ginger syrup

I really enjoy keeping flavored syrups around the house. They’re great for mixed drinks, or just to stir into some club soda. The other day I spotted some enormous, beautiful fresh ginger at Viet Wah and I knew I had to make ginger syrup.

monster ginger

I’ve tried a couple of methods for making ginger syrup before, but this one is my favorite. I used my pressure cooker, which is a great way to concentrate flavors for juice extraction, but you could also use a regular pan (it will just take longer). The point is to cook the ginger or a long time in a small amount of water, so all the fibers break down. Then you strain it and add sugar and citrus to get a strongly flavored syrup.

The cool thing about this method is that you don’t have to peel anything. Just wash the ginger and cut it into big coins:

Then either pressure-steam it, or cook it with a little water in a saucepan:

Working with hot liquids is dangerous, so make sure you have adequate supervision!

When the ginger is completely soft, puree the ginger and cooking liquid, adding additional water only if absolutely necessary.

Then strain it well (I used one of those reusable mesh produce bags, but you could use cheesecloth or a clean thin kitchen towel) and add an equal amount (by volume) of sugar and some lemon and lime juice. Heat on the stove to dissolve, then decant into a squeeze bottle!

gross, flavorless ginger puree (after straining)

To make a ginger ale, add a bit of syrup to a glass of ice and top with club soda!

You can also use the syrup to make dark and stormies, which are an excellent summertime (or anytime!) drink.

dark & stormys (darks & stormy?)

Ginger Syrup

makes about 2 1/2 cups of ginger syrup (easily halved or doubled)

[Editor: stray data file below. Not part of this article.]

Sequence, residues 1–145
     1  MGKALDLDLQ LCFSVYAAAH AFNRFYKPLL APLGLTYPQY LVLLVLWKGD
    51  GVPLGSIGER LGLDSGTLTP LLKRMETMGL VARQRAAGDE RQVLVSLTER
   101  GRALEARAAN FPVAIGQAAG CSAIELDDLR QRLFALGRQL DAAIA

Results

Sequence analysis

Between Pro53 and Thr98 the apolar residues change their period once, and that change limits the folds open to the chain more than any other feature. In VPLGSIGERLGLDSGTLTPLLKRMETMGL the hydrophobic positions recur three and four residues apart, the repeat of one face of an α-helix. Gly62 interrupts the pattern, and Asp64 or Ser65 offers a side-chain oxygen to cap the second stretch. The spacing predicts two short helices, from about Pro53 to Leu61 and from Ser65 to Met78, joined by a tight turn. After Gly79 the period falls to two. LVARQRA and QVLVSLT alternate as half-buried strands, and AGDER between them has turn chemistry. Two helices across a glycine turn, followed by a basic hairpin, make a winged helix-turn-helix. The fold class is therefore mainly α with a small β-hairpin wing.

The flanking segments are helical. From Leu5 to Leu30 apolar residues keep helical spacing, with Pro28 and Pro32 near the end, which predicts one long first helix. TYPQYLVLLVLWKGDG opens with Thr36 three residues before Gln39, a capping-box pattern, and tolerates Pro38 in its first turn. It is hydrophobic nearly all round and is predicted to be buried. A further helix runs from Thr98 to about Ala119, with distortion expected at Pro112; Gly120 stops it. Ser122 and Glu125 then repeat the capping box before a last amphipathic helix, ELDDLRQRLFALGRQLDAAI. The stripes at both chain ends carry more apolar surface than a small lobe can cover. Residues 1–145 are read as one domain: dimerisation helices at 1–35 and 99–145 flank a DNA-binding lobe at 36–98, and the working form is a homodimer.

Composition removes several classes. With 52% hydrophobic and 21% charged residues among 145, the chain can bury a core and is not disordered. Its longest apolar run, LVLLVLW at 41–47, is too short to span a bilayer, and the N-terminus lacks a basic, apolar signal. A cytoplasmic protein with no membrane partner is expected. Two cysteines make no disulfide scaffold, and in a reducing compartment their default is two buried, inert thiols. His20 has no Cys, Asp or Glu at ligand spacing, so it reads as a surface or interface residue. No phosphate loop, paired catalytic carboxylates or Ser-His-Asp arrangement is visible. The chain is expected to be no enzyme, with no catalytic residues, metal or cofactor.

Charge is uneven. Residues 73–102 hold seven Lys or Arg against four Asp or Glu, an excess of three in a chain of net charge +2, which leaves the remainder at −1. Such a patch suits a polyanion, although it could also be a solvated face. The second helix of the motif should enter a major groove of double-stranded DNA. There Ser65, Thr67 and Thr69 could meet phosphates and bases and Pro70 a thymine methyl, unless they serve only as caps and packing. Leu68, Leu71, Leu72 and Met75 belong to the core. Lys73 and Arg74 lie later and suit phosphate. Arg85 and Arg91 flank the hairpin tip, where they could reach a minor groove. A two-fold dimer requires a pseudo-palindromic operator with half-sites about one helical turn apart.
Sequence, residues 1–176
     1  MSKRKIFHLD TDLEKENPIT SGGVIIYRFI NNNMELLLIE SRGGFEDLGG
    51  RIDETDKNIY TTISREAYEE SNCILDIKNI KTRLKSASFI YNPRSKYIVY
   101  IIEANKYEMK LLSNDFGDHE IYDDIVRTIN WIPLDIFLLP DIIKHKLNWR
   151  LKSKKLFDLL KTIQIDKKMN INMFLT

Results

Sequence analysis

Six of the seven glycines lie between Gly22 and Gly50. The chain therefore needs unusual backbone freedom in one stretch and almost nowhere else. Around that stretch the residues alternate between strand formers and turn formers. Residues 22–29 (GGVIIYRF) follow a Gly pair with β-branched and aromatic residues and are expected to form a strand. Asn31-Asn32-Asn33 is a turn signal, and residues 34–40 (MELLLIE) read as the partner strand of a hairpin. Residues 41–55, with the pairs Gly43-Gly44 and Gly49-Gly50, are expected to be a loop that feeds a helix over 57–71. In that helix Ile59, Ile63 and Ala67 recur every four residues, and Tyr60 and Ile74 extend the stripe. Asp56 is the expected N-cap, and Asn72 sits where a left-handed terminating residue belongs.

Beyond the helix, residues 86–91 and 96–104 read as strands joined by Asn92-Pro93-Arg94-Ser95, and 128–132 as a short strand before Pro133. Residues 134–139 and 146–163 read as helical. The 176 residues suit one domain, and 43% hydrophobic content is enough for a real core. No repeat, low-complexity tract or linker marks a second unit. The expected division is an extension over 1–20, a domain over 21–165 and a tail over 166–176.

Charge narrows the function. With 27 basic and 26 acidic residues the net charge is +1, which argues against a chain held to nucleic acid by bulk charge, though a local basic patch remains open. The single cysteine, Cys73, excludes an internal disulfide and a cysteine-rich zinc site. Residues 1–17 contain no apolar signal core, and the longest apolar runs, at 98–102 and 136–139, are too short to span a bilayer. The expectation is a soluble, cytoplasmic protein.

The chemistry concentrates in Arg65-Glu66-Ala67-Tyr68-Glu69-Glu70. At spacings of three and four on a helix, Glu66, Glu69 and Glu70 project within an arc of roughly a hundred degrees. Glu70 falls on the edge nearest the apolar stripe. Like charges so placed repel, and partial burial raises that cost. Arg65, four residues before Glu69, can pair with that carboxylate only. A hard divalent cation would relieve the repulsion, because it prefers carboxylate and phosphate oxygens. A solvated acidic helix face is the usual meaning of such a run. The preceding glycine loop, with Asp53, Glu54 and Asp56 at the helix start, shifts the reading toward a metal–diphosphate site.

• 1 pound of fresh ginger, preferably young (look for some that isn’t all dried out. You can find better, cheaper ginger at Asian groceries)
  • juice of 4 lemons or limes (or use a combination)
  • about 2 cups of  white sugar, more or less depending on how much liquid you end up with


Wash the ginger and slice it into 1/4 inch thick coins.

If you have a pressure cooker: Pour a few inches of water in the bottom of your pressure cooker and place a steaming rack in the bottom. Combine the ginger with about 1 1/2 cups of water in a heatproof container and place on the rack. Close and lock the top, bring to high pressure, and cook for about 45 minutes. Release the pressure safely and remove the container.

If you don’t have a pressure cooker: Combine the ginger with about 1 1/2 cups of water in a small saucepan. Bring to a boil, then cover and reduce the heat to medium-low. Cook, stirring occasionally, for about 2 hours, or until the ginger is really soft. You may need to add more water if it seems like the water in the pan is evaporating too much.

Either way: Puree the ginger and liquid until completely smooth (adding extra liquid if necessary to keep the blender going), then strain well (use a strainer and some cheesecloth, and squeeze the cloth to wring out all the juice from the pulp). Measure the liquid; you should have around 2 cups.

In a small saucepan, combine the juice with an equal amount (by volume) of white sugar and the juiced lemons or limes. Heat just enough to dissolve the sugar, then cool and transfer to a squeeze bottle. This keeps in the fridge for at least a few weeks, and freezes well.

Ginger Ale

Combine 12 ounces of club soda with about 1/4 cup (more to taste) of syrup. Top with a lemon or lime.

Dark and Stormy

Fill a highball glass with ice. Pour in 2 ounces (1/4 cup) dark rum, 2 ounces (1/4 cup) ginger syrup, juice of 1/2 lime, and a few dashes of bitters (optional). Top with club soda, stir lightly, and serve with a lime wedge and a sprig of mint.


One thought on “ginger syrup

  1. Just made this recipe tonight. Luckily I have a pressure cooker, so from start to drinking, it took about 1.5hrs. I used an ice-bath to quickly cool the syrup and it seemed to work just fine.

    Yummy! Best ginger ale I’ve ever had.

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